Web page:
Land-cover Classification of Imagery from Landsat Operational Land Imager Based on Optimum Index Factor
Tri Dev Acharya, In Tae Yang, and Dong Ha Lee
(Received April 10, 2017; Accepted January 30, 2018)
Keywords: land-cover classification, SAM, SVM, Landsat 8, OLI, OIF, Korea
With over four decades spent collecting spaceborne moderate resolution imagery, Landsat represents the longest remote sensing mission in the world, and has had various applications. Land-cover mapping is its heritage for research around the world. Landsat 8 continues the legacy of previous Landsat systems, with a new Operational Land Imager (OLI) sensor that has high spectral resolution and improved signal-to-noise ratio for better characterization of land-cover. With improved quality, data size also increases. Hence, with limited research in adjusting data size, it is necessary to explore robust land-cover classification techniques that produce accurate maps with more or fewer inputs. Optimum Index Factor (OIF) is a statistic value that can be used to select the optimum combination of three-band in a satellite image that has the highest amount of information. In this study, we explore the land-cover classification of OLI imagery based on OIF. Two test sites were selected around the hilly regions of Korea for OLI original, first-rank OIF composite and OLI original with sum derivative of top-three OIF ranked composites. These three composites were classified with the well-known Spectral Angle Mapper (SAM) and Support Vector Machine (SVM) classifiers. The results were then analyzed and compared based on producer accuracy, user accuracy, overall accuracy, and kappa coefficient. The result shows that the first-ranked OIF with three-band composite shows similar classification accuracy in SVM and slightly less in SAM, while the ten band composite with OLI original bands and sum derivative of top-three OIF rank shows the same result or a small improvement in SVM classification. OIF-derivative composites can be useful in classification problems depending on the case, depending on whether minimum data for a similar result or derivative data for higher accuracy is preferred.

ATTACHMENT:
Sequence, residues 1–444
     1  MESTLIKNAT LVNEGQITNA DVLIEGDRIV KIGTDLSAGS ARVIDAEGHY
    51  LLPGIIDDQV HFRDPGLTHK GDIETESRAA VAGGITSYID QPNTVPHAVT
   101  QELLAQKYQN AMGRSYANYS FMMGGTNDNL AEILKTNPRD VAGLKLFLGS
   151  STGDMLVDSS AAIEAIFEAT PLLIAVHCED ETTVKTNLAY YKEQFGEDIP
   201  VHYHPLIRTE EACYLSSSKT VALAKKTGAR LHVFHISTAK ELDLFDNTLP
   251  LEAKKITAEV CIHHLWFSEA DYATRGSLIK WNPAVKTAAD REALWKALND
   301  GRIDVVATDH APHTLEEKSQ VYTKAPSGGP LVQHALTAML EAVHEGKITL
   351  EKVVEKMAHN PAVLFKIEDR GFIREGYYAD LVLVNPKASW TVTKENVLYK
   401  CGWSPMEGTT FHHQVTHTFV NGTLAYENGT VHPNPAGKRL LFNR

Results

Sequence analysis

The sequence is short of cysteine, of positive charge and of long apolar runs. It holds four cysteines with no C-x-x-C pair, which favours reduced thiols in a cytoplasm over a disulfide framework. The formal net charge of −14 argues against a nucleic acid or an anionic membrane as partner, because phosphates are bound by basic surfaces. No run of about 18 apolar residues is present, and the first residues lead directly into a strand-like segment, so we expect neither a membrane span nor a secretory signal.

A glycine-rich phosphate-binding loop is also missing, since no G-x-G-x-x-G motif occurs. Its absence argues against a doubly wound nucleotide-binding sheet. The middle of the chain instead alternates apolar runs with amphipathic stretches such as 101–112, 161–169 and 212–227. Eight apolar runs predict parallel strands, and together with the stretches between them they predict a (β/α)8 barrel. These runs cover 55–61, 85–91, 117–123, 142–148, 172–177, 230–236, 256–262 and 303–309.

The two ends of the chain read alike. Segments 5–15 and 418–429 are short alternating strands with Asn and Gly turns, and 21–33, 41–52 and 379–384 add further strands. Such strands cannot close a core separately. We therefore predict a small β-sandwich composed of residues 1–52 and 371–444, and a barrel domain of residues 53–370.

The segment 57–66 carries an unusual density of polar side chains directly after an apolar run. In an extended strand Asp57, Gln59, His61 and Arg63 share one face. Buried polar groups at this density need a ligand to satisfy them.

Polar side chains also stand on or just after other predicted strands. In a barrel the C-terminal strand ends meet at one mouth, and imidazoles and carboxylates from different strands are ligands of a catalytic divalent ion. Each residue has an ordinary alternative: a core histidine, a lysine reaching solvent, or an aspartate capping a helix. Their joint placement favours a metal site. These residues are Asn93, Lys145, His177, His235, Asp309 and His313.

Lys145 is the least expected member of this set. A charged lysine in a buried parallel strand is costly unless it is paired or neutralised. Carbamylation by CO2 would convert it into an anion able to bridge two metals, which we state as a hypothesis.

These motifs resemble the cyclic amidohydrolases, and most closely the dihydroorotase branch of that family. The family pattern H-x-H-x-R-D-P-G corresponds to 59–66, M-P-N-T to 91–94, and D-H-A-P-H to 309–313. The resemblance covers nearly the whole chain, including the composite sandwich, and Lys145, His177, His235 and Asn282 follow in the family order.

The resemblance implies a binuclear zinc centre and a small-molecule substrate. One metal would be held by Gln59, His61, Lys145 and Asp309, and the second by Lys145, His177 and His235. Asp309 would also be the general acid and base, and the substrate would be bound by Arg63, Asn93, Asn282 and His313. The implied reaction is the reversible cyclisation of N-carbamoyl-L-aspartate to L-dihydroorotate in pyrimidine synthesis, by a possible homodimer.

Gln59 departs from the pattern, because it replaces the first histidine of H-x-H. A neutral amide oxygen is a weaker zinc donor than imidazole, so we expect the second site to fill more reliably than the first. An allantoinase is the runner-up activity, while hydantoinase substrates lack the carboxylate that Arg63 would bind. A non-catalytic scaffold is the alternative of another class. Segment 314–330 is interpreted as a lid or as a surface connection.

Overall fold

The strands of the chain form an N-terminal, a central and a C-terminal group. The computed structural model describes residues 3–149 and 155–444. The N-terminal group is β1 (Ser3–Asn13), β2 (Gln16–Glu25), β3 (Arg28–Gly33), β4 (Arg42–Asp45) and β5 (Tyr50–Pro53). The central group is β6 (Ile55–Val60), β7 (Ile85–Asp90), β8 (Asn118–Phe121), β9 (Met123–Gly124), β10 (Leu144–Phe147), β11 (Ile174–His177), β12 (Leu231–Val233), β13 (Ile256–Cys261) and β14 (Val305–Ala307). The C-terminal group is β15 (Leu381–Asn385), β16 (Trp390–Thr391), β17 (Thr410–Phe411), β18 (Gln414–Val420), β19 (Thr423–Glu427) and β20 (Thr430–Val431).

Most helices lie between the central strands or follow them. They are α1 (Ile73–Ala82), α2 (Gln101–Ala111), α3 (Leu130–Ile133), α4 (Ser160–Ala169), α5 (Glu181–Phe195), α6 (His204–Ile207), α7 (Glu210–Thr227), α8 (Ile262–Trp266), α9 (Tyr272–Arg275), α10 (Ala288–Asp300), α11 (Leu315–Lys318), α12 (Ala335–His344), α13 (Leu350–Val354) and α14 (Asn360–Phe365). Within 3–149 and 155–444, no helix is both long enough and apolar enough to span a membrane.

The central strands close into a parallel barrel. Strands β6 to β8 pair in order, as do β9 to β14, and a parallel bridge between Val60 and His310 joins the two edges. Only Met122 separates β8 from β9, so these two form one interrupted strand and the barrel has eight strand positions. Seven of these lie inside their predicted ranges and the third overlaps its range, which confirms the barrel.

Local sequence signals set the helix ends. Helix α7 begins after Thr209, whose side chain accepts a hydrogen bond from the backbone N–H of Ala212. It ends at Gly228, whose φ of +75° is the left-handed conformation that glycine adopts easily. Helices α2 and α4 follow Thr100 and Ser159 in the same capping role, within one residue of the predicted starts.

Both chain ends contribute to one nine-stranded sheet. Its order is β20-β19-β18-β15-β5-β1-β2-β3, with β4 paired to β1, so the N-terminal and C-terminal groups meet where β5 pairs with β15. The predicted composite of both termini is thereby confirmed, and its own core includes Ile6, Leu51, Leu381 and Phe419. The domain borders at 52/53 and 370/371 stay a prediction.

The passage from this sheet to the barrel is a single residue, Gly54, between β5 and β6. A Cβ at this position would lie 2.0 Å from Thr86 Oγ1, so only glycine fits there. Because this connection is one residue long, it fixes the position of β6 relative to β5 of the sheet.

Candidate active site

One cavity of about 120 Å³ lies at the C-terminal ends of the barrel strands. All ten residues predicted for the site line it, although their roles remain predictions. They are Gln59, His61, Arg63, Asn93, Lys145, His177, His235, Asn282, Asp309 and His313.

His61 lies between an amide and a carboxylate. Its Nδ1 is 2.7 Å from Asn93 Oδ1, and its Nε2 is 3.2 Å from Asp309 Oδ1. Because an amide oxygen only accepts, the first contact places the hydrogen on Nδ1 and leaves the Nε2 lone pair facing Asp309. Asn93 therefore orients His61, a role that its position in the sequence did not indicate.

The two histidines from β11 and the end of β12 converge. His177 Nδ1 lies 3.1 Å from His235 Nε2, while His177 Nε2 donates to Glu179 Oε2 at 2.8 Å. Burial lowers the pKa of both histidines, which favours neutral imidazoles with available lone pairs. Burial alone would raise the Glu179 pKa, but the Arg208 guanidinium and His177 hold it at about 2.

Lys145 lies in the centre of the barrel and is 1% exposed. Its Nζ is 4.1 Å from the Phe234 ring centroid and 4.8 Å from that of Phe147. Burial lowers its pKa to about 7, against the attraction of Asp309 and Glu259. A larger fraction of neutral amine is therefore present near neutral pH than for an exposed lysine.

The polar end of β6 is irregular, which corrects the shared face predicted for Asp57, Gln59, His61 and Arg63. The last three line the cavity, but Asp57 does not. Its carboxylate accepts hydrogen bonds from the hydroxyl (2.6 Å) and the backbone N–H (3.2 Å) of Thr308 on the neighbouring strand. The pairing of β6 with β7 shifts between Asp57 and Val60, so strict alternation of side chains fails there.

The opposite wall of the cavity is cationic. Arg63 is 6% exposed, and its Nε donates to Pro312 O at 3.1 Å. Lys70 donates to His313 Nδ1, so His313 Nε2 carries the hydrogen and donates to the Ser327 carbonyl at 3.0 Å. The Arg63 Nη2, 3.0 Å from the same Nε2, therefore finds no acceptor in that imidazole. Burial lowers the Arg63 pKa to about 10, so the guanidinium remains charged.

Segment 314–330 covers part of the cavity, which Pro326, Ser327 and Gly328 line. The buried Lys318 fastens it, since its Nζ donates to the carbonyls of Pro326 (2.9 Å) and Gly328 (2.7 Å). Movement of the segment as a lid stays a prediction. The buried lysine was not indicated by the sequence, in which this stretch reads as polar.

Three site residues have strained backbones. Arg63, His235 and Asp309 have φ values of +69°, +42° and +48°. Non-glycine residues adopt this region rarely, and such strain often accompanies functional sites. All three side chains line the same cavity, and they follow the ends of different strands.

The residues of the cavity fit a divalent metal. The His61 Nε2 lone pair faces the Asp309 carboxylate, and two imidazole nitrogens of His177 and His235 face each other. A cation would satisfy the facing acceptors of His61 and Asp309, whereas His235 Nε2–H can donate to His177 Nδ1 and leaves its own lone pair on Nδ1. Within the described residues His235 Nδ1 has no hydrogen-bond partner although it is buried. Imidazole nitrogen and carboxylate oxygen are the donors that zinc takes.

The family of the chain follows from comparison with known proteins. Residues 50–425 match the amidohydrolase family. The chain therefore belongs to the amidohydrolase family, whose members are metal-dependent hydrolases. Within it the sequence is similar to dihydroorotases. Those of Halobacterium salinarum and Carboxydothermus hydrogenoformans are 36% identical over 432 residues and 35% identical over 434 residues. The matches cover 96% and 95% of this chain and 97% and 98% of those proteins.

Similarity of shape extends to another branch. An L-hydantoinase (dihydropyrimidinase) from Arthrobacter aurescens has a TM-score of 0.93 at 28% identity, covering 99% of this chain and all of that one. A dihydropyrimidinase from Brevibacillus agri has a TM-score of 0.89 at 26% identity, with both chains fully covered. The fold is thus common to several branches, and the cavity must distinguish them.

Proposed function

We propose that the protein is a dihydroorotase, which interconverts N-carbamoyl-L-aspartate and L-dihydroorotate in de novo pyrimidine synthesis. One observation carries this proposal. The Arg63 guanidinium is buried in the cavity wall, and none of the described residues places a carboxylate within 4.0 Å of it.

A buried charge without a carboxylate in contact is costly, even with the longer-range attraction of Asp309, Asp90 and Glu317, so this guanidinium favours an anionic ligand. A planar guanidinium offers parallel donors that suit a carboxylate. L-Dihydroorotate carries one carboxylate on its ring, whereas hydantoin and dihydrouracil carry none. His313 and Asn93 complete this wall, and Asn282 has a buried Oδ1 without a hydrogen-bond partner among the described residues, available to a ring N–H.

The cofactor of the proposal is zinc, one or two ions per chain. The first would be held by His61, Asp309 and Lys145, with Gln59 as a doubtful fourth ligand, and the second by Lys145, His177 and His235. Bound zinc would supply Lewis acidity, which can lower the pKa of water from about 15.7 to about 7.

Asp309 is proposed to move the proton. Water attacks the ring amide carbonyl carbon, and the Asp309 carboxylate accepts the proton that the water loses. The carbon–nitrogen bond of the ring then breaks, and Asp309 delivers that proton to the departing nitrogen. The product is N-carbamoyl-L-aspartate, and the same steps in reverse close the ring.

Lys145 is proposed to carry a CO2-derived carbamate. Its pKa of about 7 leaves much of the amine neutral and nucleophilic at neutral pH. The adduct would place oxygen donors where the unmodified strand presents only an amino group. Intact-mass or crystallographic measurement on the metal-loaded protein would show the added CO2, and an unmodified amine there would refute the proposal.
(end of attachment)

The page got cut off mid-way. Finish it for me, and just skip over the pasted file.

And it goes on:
Corresponding author: Dong Ha Lee